Printed ingredients could disrupt the beverage category

California-based company Smart Cups releases a line of energy drinks, with microencapsulated ingredients printed on the bottom of a disposable cup that are activated with water.

Imagine if you could replace a 10-pack of 9-oz bottled or canned energy beverages with a lightweight flexible pouch containing the equivalent amount of product. Sound fantastic? Well now it’s possible, with the new Smart Cups line of four energy drinks that feature microencapsulated ingredients printed on the bottom of a disposable plastic cup. A joint development between Mission Viejo, CA-based Smart Cups and The Additive Advantage of North Reading, MA, the proprietary 3D polycapsule printing delivery system technology transforms a virtually empty vessel into a self-stirring energy drink through the addition of water (watch video).

Smart Cups Technology™ was conceptualized by entrepreneur and chemist Chris Kanik, now CEO of the company, who first explored how printed technology could be applied to the beverage industry to create instant drinks. Kanik then partnered with Sal Celeste, CEO of The Additive Advantage, who is described by Kanik as “a leading voice for microencapsulation research and technology since 1992.”

“Together we combined our out-of-the-box thinking to invent and commercialize a complete, precisely measured delivery system where the printed microcapsules containing the active and flavor materials are activated by adding water,” Kanik says.

As The Additive Advantage explains, traditional microencapsulation packages solids, liquids, or gaseous materials within a polymer shell, forming small particles called microcapsules. These shells, which protect the actives in the core, dissolve through a specific stimulus, releasing their content at a targeted time and place. “Whereas microcapsules protect the actives, The Additive Advantage’s patented Integrated Delivery Platform (IDP) technology both protects the microcapsules as well as affixes them to substrates through a proprietary printing process.”

The polymer binder used for the Smart Cup is plant-based and amphiphilic, meaning it is both repellent and absorbent to moisture. This allows Smart Cups to protect the microencapsulated ingredients, yet release them upon contact with liquid. The ingredients at the bottom of each cup are called the Katalyxt™. When the Katalyxt comes in contact with water, the microcapsules dissolve, creating a convective disturbance in the liquid, as effervescent bubbles pass through and rise to the surface—thus the “self-stirring” description. Says Kanik, “Think of our proprietary self-stirring technology as a million car accidents colliding with one another at the same time upon contact with water, which facilitates the thorough mixing of ingredients.”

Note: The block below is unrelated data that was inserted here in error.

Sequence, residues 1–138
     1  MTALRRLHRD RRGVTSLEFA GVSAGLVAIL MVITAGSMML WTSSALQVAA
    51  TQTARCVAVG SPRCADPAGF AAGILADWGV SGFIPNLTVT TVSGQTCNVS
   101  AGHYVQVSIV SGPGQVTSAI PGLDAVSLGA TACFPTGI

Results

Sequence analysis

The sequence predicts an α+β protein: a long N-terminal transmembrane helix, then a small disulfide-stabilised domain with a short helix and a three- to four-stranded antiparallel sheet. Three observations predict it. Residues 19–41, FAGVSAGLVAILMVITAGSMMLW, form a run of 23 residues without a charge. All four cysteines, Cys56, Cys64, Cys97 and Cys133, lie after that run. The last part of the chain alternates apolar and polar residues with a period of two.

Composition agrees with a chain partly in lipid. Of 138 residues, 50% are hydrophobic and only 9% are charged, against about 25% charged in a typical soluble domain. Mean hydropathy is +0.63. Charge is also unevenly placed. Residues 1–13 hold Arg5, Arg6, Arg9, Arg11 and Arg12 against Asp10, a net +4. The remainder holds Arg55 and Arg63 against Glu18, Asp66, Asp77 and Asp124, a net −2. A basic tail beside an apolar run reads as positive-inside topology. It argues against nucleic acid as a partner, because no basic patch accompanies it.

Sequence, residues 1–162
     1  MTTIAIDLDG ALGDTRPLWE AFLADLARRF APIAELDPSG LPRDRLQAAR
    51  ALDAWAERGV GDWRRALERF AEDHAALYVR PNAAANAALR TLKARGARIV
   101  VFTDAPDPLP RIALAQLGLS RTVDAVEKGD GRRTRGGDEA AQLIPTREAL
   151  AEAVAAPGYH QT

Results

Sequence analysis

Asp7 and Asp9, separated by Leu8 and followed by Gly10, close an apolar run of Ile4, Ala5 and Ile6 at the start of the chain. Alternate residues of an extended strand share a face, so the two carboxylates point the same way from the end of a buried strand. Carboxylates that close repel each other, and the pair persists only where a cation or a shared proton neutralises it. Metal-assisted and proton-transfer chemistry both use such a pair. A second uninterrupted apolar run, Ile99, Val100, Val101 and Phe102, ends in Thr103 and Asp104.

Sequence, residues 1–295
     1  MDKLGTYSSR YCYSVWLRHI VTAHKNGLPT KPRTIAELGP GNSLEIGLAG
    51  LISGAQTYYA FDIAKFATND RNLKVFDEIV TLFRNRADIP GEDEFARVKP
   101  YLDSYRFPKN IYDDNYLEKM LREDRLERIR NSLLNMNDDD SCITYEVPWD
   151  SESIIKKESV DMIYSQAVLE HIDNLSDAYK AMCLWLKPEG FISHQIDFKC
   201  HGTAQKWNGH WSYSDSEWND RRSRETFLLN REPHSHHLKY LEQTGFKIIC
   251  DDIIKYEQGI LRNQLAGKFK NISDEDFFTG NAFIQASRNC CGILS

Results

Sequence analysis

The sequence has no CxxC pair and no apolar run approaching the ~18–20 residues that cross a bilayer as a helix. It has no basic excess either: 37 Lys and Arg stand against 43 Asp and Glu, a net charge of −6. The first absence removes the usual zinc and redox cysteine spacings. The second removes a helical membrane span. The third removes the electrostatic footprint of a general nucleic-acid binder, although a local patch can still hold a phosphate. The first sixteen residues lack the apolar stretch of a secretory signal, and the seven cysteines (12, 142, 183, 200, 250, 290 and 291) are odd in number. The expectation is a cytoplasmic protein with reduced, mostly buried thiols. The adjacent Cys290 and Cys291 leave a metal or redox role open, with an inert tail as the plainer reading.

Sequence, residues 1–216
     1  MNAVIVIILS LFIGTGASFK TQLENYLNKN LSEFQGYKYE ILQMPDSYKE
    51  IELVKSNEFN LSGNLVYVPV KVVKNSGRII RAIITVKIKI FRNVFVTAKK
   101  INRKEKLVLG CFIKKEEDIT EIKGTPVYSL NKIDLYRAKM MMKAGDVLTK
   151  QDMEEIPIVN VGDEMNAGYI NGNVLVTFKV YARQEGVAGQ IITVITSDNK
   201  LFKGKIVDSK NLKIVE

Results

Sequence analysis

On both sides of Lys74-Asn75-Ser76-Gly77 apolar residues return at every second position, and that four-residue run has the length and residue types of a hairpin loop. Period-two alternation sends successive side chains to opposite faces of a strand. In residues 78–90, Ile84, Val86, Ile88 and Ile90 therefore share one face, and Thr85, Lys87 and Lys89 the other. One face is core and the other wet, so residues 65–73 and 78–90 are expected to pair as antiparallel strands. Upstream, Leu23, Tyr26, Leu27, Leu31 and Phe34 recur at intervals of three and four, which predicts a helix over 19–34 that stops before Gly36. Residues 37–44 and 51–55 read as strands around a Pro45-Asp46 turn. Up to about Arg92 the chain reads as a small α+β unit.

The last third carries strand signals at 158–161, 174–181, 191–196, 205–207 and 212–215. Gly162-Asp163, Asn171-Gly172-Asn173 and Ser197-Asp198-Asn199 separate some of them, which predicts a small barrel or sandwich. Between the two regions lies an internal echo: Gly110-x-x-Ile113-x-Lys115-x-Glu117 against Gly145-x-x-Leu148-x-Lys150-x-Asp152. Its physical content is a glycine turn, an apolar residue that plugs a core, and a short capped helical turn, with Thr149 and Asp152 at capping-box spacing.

Smart Cups introduced its line of energy drinks—Magna Cum Latte, Nerdy Lemon T, Pucker Up Brain Boost, and Tropical Recess—in early December 2017, for sale on its website. Each variety includes its own mix of printed ingredients. For example, Tropical Recess includes natural pineapple, coconut, lemon and lime flavors, citric acid, caffeine, Vitamins B3, B5, B6, and B12, and natural color, among other ingredients.

While Smart Cups was envisioned as a solution for an instant, portable drink, Kanik was also driven by the idea of eco-friendliness. Being stackable, the cups require less storage space in the home and reduce the cost and associated energy requirements of shipping, resulting in a lower carbon footprint. “Smart Cups can deliver more than 10 times the quantity of product than an equal number of traditional bottles or cans,” explains Kanik.

Aware that consumers are more conscious than ever before of packaging waste from single-use containers, Kanik also opted for the use of a 100% plant-based, biodegradable cup from Fabri-Kal. While Kanik did not specify the details of the cup, Fabri-Kal does offer the Greenware® line of disposable foodservice packaging made from NatureWork’s Ingeo PLA. Although Kanik chose a plant-based plastic, the microencapsulated ingredients can be printed on almost any surface, he says.

Smart Cups’ energy beverages are packaged in a flexible pouch in five- and 10-ct quantities. One extra cup, or “Dumb Cup,” can be found in the five-count pouch, and two extra in the 10 count, to protect the Katalyxt from moisture. Kanik says Smart Cups chose the UV- and moisture-resistant pouch “to ensure the best possible quality to the end consumer”; however, the company continues to evaluate other packaging options, such as a tubular package that would make the product more portable.

The company also plans to introduce additional beverage lines, including sports drinks, coffees, teas, juices, protein drinks, and more. All Smart Cup beverages are manufactured in-house, with research and development support from The Additive Advantage. Kanik says that in the future, Smart Cups may manufacture products for other brands or license the technology.

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